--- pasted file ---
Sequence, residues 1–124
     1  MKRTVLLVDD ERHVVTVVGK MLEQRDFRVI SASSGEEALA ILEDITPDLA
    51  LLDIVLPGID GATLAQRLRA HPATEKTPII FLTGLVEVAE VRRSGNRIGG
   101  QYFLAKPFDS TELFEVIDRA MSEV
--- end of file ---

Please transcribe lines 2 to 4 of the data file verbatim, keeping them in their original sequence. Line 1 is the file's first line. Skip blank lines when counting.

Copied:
     1  MKRTVLLVDD ERHVVTVVGK MLEQRDFRVI SASSGEEALA ILEDITPDLA
    51  LLDIVLPGID GATLAQRLRA HPATEKTPII FLTGLVEVAE VRRSGNRIGG
   101  QYFLAKPFDS TELFEVIDRA MSEV